This is the game with the story and the art style and the music.
A crowning achievement of the Super Nintendo and overall game-changer for the industry as a whole, Chrono Trigger is a god among men when it comes to RPGs. Not only JRPGs, but the majority of RPGs of all kinds fall flat on their faces when directly compared to its greatness. It’s filled to the brim with magical people and robots and talking frogs, and none of these things are particularly strange together; there are magical people because you end up wandering back in time to the peak of an ancient advanced civilization that has mastered such things, and robots because your only method of escape in one sequence is to jump into a random “gate,” essentially a portal into a different time period, that takes you into the future.
So it’s worth asking why this game is the SNES equivalent of crack, especially given the fact that many, many years have passed and the bar is much higher than it used to be. Would we still be twitching in dark alleys, doing things to strangers that we’ll regret later for our next fix of Chrono if this was released for the first time today? We absolutely would. This is one of the rare examples of a thousand little details coming together to form a flawless game. Case in point: every time you insert this game into your Super Nintendo, the faint sound of angels singing can be heard in the distance. True story.
What makes Chrono Trigger so good, though? It’s a mixture of a number of elements, all of which blend together perfectly. The characters are both lovable and surprisingly expressive given the limited abilities of the SNES, far more so than in most games of the time. Part of that is due to their excellent art design, drawing heavily on Dragon Ball aesthetics that allow for anime-esque indicators of mood capable of being easily communicated with a sprite sheet. Characters have sad looks, happy looks, and even dance moves. Best of all, none of it sports that over-the-top sparkly-eye garbage that anime tends to devolve into; the expressions range from subtle to zany, but all of it is well within each character’s personality. This allows for them to communicate their emotions with a kind of efficiency that even more modern games haven’t been able to manage since an unskilled hand often means a 3D model’s emotions come across as a hilarious caricature of human emotion.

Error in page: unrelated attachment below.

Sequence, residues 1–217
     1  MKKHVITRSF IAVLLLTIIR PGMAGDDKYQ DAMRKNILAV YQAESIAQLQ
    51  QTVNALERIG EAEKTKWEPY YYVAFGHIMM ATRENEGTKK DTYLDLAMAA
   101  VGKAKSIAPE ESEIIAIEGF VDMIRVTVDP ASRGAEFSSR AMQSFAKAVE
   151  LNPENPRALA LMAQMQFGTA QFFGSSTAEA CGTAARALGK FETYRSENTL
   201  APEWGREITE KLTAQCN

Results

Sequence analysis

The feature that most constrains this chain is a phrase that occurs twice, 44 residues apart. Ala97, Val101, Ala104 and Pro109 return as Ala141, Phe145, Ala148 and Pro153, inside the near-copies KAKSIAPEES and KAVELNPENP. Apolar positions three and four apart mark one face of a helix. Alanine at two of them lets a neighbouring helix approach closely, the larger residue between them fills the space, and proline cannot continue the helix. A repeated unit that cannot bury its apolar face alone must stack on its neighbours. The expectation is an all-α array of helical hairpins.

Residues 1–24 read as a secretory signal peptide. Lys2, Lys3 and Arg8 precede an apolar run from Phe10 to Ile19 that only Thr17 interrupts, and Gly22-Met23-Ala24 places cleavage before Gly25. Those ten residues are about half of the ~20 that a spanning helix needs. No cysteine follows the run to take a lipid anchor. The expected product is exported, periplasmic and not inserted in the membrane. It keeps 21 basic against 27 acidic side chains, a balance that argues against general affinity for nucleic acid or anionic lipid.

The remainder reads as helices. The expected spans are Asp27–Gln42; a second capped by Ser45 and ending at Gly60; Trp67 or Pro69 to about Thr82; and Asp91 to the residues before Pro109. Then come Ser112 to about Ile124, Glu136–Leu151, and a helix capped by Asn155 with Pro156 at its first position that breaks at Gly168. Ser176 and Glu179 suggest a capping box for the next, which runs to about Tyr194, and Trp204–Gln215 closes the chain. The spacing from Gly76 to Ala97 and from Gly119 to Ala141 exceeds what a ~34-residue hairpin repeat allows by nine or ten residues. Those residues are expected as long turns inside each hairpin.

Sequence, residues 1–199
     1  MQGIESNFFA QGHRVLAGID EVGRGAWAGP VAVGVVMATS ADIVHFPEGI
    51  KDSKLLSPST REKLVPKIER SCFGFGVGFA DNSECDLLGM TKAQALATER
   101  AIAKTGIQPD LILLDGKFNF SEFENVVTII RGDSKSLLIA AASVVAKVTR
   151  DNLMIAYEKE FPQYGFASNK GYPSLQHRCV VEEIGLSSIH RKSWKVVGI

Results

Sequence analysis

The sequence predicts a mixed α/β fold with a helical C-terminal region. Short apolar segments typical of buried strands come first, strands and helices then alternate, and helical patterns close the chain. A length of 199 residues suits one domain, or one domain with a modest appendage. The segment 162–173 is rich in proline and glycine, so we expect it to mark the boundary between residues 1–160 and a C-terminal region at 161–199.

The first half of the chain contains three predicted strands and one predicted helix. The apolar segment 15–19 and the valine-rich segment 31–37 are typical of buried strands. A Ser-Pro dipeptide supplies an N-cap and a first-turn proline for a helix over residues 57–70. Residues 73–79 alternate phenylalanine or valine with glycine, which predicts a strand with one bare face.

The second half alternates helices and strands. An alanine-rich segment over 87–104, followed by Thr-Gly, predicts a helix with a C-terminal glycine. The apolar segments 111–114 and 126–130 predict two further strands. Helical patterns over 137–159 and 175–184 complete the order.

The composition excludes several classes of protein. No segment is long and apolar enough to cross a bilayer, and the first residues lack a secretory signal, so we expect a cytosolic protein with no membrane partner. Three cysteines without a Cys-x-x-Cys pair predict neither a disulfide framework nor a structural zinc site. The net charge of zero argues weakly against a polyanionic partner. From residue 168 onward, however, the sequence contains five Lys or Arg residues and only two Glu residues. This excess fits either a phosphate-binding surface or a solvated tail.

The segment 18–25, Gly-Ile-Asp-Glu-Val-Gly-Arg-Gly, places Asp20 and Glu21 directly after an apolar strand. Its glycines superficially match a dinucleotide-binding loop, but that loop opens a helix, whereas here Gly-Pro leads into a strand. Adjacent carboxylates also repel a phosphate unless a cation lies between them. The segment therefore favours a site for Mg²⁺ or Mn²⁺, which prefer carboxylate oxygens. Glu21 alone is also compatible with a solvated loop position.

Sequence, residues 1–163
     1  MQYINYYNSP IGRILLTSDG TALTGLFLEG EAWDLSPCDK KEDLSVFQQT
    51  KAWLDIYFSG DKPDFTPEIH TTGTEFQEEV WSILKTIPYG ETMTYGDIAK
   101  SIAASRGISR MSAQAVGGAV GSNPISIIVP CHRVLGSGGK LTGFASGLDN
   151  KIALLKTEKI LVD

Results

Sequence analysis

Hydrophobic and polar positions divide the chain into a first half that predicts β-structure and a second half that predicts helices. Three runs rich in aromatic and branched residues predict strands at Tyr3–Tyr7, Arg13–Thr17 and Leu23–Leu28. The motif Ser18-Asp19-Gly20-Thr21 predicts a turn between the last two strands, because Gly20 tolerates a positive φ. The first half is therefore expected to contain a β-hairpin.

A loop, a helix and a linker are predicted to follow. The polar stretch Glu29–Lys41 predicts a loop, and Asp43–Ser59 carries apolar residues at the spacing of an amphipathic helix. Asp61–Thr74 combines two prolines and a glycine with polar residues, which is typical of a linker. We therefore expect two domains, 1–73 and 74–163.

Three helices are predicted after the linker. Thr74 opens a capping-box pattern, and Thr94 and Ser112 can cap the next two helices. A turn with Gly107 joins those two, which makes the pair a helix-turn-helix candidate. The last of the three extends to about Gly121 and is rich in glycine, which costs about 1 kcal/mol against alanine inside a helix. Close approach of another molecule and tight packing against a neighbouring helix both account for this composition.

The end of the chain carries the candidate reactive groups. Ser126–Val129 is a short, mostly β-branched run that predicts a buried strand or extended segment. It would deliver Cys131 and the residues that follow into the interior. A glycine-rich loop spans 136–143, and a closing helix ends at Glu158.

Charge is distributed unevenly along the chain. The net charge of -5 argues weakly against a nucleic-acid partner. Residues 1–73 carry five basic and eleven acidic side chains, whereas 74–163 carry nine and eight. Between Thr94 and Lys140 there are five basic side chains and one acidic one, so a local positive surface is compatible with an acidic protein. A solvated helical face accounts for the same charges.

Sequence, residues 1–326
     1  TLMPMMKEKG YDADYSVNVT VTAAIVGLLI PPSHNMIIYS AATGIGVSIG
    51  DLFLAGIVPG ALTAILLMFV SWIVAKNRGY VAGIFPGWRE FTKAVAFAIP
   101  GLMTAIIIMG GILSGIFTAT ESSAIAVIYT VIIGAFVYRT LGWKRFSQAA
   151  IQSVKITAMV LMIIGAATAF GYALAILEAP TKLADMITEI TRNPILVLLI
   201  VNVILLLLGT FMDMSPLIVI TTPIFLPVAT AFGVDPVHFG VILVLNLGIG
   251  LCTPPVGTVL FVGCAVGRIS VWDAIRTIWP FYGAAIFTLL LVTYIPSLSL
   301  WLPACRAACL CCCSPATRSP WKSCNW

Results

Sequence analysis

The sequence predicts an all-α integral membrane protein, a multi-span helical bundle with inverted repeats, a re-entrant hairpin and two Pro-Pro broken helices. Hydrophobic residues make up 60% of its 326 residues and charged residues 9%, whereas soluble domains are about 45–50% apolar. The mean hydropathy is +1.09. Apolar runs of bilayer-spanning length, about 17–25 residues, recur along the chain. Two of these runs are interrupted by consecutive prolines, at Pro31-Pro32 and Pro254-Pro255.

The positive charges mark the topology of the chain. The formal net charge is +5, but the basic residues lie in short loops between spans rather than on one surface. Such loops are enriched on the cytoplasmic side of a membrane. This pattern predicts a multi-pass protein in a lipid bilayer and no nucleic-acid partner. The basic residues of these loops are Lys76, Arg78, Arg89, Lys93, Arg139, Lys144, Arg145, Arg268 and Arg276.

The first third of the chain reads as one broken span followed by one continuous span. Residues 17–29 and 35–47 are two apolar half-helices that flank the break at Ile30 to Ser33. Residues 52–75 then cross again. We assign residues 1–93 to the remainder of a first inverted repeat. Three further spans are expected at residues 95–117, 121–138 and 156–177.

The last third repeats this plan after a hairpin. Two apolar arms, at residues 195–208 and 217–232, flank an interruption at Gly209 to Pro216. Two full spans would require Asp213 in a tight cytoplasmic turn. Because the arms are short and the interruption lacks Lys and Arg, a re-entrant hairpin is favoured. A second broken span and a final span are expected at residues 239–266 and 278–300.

On the subject of the characters, it’s worth noting that there aren’t really many throwaway NPCs. It seems as though everyone has something interesting to say and a unique personality rather than just being the random information hubs that most games use them for; while Chrono Trigger does have some NPCs who fill you in on the world, many of the characters you meet actually play vital roles at some point in the story, and even the lesser NPCs are used humorously rather than just being throwaway characters. The main characters are even better, each having a unique personality and many coming from different time periods. They’re all lovable for different reasons, and while the story isn’t focused on dissecting them as characters, they still manage to have quite a bit of nuance.